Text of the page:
The Return of the Strike

The picketing GM workers and impending Chicago Teachers Union action suggest a dramatic revival of striking as a tactic.

By Sarah Jaffe
The Progressive

Oct 8, 2019 – Friday night on the picket line at the General Motors facility in Langhorne, Pennsylvania involved pizza reheated over a firepit, supporters dropping by with beers and snacks, and a dance party to Carly Rae Jepsen.

It was the eighteenth day of the strike, which shows no signs of ending as of this writing. Spirits were surprisingly high despite the cold. Strikers in their UAW shirts and supporters were cutting up pallets for firewood, and planning a potluck for the following weekend. “Maybe it’ll be a victory celebration!”

The strike at GM, now at twenty-three days the longest in decades at an American auto manufacturer, came as a surprise even to longtime labor observers like me. Certainly, the workers have ample reasons for anger. GM’s CEO made $21.87 million last year while the workforce is splintered into tiers (new hires who do the same work get paid less than longtime employees) and dotted with permatemps. But because the action of the strike has been all but dead in U.S. manufacturing for decades, a massive strike at one of the Big Three car companies has seemed like a pipe dream.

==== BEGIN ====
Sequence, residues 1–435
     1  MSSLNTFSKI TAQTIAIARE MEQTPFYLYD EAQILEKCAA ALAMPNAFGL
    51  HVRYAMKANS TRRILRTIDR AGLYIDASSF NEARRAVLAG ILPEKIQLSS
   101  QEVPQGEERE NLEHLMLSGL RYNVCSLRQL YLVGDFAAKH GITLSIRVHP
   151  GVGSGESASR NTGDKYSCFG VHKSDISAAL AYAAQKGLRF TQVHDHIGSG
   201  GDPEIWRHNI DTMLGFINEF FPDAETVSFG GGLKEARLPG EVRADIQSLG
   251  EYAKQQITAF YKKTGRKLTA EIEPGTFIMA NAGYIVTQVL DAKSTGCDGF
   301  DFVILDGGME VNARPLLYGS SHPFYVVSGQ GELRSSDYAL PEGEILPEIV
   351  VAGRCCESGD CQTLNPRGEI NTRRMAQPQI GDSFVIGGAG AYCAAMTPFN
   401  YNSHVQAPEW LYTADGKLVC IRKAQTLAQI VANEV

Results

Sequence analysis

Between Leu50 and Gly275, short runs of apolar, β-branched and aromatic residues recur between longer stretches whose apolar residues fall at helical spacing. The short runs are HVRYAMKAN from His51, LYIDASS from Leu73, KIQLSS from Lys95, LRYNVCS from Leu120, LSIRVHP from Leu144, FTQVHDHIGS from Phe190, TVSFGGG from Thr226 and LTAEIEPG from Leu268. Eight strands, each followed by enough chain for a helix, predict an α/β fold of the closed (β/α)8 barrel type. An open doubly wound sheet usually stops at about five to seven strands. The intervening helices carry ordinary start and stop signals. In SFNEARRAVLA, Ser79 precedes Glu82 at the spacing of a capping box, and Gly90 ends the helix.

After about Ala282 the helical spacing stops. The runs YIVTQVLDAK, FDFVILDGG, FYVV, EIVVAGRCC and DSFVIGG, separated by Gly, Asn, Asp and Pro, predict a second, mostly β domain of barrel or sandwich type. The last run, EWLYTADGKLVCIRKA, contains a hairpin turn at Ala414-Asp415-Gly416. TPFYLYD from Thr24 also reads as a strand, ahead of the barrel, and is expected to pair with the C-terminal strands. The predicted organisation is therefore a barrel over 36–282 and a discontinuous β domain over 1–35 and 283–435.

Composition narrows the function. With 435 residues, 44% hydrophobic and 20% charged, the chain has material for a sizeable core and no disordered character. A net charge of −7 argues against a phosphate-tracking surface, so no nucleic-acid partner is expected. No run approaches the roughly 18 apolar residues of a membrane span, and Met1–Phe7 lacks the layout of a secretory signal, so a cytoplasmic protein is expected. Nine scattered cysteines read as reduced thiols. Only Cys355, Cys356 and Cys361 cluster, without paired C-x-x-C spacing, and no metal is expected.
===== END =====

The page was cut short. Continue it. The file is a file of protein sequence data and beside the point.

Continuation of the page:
Yet now, the workers are dug in, holding picket lines twenty-four hours a day and determined to see the end of the tiered system and the use of temps, and a revived though still small left is determined to show solidarity.

Of course, we’re still nowhere near the strike frequency levels seen before Ronald Reagan’s crushing of the air traffic controllers’ union in 1981. Acts of rebellion in recent years have been more likely to be occupations, uprisings, the kinds of dispersed mass protests that spread virally from city to city, as in the Occupy movement and the Movement for Black Lives. The Trump era brought back the mass march, alongside more disruptive actions like the airport protests in response to the Muslim ban. But the strike, long considered gone, is creeping back into favor.

Chicago Teachers Took the Lead

It was the Chicago Teachers Union in 2012 that revived the strike in dramatic fashion, defeating state and city officials determined to make teachers’ strikes a thing of the past. In the process, it provided a template for a reshaping of public sector unions that have allowed those unions to survive the 2018 Janus decision, which ruled that union fees in the public sector are unconstitutional. The teachers struck “for the schools Chicago students deserve,” and rallied the community to their side. They reminded us all what it looks like when city streets are filled with workers making demands. Continue reading The Return of the Strike

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Pennsylvania Is Ready For A Just, Clean-Energy Future

By Colleen Kennedy
OurFuture.org